The water hit me and took my breath away in an instant. The next thing I new, I was all ready back to the surface and clawing my way to the ladder. Amazingly enough, the walk back to the tents felt warm. The nice thing about the tents is they also held two large hot tubs. Of course, by the time I reached them, they were literally overflowing with bodies. I waited a few minutes and finally was able to thaw my frozen feet out. I even sat completely down in for a few minutes before I decided it was time to head back to the hotel. This is where things got a bit ugly. The aforementioned water had risen to the point that everything in the tents was now in 6" of water. Unfortunately, this included my shoes..... I quickly dumped the water out of them, grabbed my towel to dry off and threw on my coat. I worked my way out through the crowd with the stabbing pains returning to my now thawed feet. I finally got past the crowd and hiked back to the car wearing nothing more than my coat, trunks, and a towel wrapped around me. Funny, it still seeemed warm compared to where I'd just been.

The rest of Saturday was spent enjoying the water park with our little girl and having a wonderful catered meal with friends and colleagues. About 9 I headed down to our room hoping to catch my wife in time for a little amorous time. Something suddenly didn't feel right in the world. Normally, I can suck up some stomach issues and keep my mind focused on the goal, but this was different. Near as I can figure, my lunch of McDonalds showed back up with a vengeance. I spent the next 6 hours becoming intimate with the toilet. Not exactly the kind of kinky love I was looking for. I finally quite expending bodily fluids sometime around 4 in the morning and fell into a fitful sleep. By fitful I mean I rolled and tossed and threw sheets off the bed. My poor wife finally went to sleep in the other bed as it wasn't doing her any good either.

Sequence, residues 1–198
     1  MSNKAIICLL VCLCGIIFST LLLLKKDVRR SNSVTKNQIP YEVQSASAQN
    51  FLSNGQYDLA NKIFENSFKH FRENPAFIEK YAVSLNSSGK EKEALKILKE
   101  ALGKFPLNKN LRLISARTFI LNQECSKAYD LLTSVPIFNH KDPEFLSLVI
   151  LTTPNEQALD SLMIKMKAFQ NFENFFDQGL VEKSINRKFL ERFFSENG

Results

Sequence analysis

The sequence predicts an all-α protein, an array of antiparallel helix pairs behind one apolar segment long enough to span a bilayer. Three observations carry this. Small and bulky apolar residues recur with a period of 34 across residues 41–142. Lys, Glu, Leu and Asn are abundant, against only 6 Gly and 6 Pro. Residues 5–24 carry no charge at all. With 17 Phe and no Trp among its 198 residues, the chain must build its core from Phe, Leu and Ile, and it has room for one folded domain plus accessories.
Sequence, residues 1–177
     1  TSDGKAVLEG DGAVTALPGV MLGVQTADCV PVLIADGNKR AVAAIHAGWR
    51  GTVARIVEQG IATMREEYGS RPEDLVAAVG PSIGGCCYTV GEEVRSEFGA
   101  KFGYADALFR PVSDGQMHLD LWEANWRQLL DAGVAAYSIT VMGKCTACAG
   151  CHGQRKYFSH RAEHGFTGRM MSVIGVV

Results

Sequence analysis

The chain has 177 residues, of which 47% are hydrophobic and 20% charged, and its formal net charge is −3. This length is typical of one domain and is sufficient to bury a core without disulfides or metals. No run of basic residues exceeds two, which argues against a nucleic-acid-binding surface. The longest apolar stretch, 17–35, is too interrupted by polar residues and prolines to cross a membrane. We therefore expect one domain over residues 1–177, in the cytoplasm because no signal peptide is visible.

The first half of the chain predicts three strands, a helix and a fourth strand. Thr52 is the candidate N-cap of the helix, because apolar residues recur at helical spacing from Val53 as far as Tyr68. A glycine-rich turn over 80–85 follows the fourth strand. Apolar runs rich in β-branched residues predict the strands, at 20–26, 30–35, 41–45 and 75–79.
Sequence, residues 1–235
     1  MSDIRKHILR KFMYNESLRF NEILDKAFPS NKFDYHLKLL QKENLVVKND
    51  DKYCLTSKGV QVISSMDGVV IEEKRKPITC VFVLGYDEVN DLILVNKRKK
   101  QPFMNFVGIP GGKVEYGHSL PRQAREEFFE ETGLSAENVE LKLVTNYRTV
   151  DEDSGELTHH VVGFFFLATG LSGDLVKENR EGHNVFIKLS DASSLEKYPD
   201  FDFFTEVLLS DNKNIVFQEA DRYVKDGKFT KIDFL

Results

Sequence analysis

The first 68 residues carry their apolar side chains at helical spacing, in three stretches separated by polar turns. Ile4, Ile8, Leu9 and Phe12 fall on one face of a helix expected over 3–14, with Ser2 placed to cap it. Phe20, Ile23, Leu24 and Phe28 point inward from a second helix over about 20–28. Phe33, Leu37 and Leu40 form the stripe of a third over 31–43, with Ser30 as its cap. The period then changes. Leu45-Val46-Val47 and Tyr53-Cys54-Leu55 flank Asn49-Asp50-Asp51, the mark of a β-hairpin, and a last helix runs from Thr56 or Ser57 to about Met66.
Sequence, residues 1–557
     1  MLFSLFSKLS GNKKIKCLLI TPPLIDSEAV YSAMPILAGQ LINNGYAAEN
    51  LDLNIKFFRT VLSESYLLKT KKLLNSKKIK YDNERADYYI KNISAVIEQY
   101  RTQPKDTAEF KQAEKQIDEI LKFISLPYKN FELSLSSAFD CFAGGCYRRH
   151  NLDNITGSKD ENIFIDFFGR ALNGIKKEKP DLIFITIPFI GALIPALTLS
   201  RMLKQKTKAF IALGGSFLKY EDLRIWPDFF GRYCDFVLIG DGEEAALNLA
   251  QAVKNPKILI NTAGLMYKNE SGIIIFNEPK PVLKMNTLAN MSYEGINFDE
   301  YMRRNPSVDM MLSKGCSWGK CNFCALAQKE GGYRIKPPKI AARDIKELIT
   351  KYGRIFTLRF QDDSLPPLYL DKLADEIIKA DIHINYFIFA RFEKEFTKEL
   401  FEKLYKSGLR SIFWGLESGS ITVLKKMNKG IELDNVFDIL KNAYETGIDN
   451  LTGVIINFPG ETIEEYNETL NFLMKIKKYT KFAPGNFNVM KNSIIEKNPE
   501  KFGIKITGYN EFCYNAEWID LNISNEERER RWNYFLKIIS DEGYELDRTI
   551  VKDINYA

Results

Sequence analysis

I finally got up around 11 and we packed to head home. The rest of the day is basically a blur other than enduring a pretty excruciating 5 hour trip home feeling like crap. I crawled into bed around 7 and put a bullet in the rest of the weekend.

A new addition to the family

Wow, I'm sure many tens of ones of you are thinking, gee I didn't even know they were expecting. To be honest, it was quite a surprise to us as well. Actually, I think my lovely wife had a bit of a suspicion that something was up, but she stayed tight lipped until I finally asked. Wait, what are we talking about? Oh ya, that's right, I managed to have "the talk" with my wife late Sunday night when we should have been doing much more productive things.... like sleeping.

I know many of you cyclists out there have had the same talk. It starts as a small idea in the back of your head and before you even realize it, it's a full blown desire, need, necessity. I'm speaking of the new bike talk. Oh yes, that talk! The funny thing is, since I'm still what I consider new to the sport, this is my first time having this particular talk. I know it has many other forms based on various hobbies, sports, and passions, but it's still nerve wracking whenever it comes up for the first time in a new activity.